Compass Dreamwork

Dreamwork as Spiritual Practice

Tag: healing (page 1 of 4)

Bowing To One Another

Click on the photo for “Bowing to One Another”

I don’t have a new blog post this month, since I’m still healing and taking time for reflection before writing more. Instead, I’d like to share an article about vulnerability that I wrote for Presence magazine. Presence is published by Spiritual Directors International, so this article is specifically connected with my work as a spiritual director (which includes working with dreams)—but the larger theme of relationship and authenticity is certainly applicable to other contexts.

“Bowing to One Another” was written over a year ago, and although I was coping with illness and loss at the time, my understanding of vulnerability was still developing. Then, my central consideration was how vulnerable I should allow myself to be with other people, particularly with clients. By the time the article appeared in print last June, however, I had gone through major surgery and a month-long hospitalization, and vulnerability meant something quite different to me. I’m now learning about a more profound level of vulnerability, which has little to do with allowing or choosing.

So far, I’m not really ready to write about this deeper sense of vulnerability—perhaps because it must be fully experienced (willingly or unwillingly) alone, before it can be shared. But, eventually, this, too, is an experience I hope to be able to explore with you in a meaningful way. In the meantime, please join me in contemplating the essential, preliminary question that I posed in writing this article: What does it mean to be vulnerable with one another—in our work, and in all of our relationships?

[Click on the photo for the article]

Just Walk

A big dream of mine has become a reality. The book that I’ve been dreaming and writing for the past couple of years is now a living being, made of actual paper and ink: Just Walk: Following the Camino All the Way Home. When I walked the Camino de Santiago in 2016, this book was stirring deep underground, breathing beneath my feet at every step. And when I returned home and found myself grappling with some serious health issues, the pilgrimage continued in my everyday life and the dream of telling its story began to emerge—first in fragmentary whispers on the edge of sleep, then flowing slowly into wholeness.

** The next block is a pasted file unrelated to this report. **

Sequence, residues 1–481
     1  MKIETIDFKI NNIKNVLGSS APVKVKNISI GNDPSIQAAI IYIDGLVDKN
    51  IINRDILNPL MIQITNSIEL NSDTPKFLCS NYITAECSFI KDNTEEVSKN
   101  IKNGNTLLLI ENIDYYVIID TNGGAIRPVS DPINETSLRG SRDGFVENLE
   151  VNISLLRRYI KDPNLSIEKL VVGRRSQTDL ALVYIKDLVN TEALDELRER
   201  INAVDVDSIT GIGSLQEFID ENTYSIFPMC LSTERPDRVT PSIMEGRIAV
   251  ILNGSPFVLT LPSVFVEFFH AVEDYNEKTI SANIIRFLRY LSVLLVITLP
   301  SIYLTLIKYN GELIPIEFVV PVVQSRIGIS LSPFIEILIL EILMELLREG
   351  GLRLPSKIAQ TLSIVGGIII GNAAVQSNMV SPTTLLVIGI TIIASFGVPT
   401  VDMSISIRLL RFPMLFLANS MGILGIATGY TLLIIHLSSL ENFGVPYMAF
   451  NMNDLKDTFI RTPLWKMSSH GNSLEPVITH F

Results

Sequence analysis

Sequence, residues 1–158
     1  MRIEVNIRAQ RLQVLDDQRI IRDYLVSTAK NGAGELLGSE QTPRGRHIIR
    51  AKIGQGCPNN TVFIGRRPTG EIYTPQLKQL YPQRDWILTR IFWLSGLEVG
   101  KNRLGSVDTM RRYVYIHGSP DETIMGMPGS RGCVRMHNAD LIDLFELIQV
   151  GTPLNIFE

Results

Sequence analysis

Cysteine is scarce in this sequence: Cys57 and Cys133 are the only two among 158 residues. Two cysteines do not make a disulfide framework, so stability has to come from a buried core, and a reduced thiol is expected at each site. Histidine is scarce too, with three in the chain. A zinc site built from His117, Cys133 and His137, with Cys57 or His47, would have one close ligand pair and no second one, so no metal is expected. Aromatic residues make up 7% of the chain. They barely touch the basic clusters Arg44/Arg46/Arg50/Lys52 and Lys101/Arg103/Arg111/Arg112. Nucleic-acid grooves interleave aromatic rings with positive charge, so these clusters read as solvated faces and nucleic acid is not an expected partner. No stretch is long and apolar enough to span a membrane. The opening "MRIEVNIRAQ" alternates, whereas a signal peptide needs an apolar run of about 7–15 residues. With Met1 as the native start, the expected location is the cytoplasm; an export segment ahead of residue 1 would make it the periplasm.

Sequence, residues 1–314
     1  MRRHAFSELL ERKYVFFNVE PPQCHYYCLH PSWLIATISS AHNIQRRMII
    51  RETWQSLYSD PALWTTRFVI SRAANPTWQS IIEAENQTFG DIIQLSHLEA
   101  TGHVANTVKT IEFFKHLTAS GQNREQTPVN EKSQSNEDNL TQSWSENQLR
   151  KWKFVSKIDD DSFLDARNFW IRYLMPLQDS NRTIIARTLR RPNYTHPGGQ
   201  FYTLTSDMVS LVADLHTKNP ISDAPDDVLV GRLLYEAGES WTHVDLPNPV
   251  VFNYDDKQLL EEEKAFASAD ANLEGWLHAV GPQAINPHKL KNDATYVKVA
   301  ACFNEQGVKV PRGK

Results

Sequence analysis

For me, the Camino pilgrimage was an experience of immediacy. I couldn’t reflect on the changes as they were happening; it was all I could do to “just walk.” The process of integration happened gradually, as I stepped through the mirror to follow the Camino again in reflection, discovering dynamic soul connections between that journey and my life’s journey, between past and present, grief and love, stillness and movement, courage and vulnerability, solitude and community, wellness and illness. Although those connections were intimate, they were not merely personal—they were beyond me. I needed to make something out of them that could be shared. Thus, the book.

Because of my work with the world of dreams, where the dynamics of the imagination are truly real, I know that this book is not only a real physical object, but actually alive: it is tender, funny, contrary, painful, joyous. And right now, as I’m recovering from a life-changing surgery (multi-level spinal fusion) that literally took me apart and put me back together again differently, I’m also watching how this book, this reflection of my lived experience, has fundamentally changed me, and how it has the potential to change others who may read it. The book itself will change, too, becoming richer as it is read.

If you read it, the book will be yours, and it will whisper to you like a walking-prayer, accompanying you on your path. I hope you will read it.

[to find the book, click on the photo]

Interview by Metka Cuk on the “Dream Owls” website

Metka Cuk, a creative and inspiring dreamworker and artist, has been interviewing other dreamworkers and dreamers, introducing us to the depth and breadth of the dreaming community. These interviews are posted on her delightful website, “Dream Owls: A Place to Talk About Your Dreams.”

Some months ago, she did a wide-ranging interview with me about my background in dreamwork and my spiritual journey with dreams, including connections in my life between dreaming and healing, hospice work, Buddhism and Christianity, the Camino de Santiago, haiku, and more.

Please click on the picture to read the interview, and while you’re there, you’ll want to check out “Dream Owls” and the many other wonderful interviews, as well as Metka’s excellent cartoons and artwork!

I hope you can imagine your own version of how dreams have affected your life… Think of how you might share your own dreaming story with others. Dreams take us to our depths, and reflect the vital heart of our lives—and sharing these stories can be meaningful for all of us.

A Dream of Surrender and Hope: DreamTime Article

Click on the photo to read the article, and enter the woods…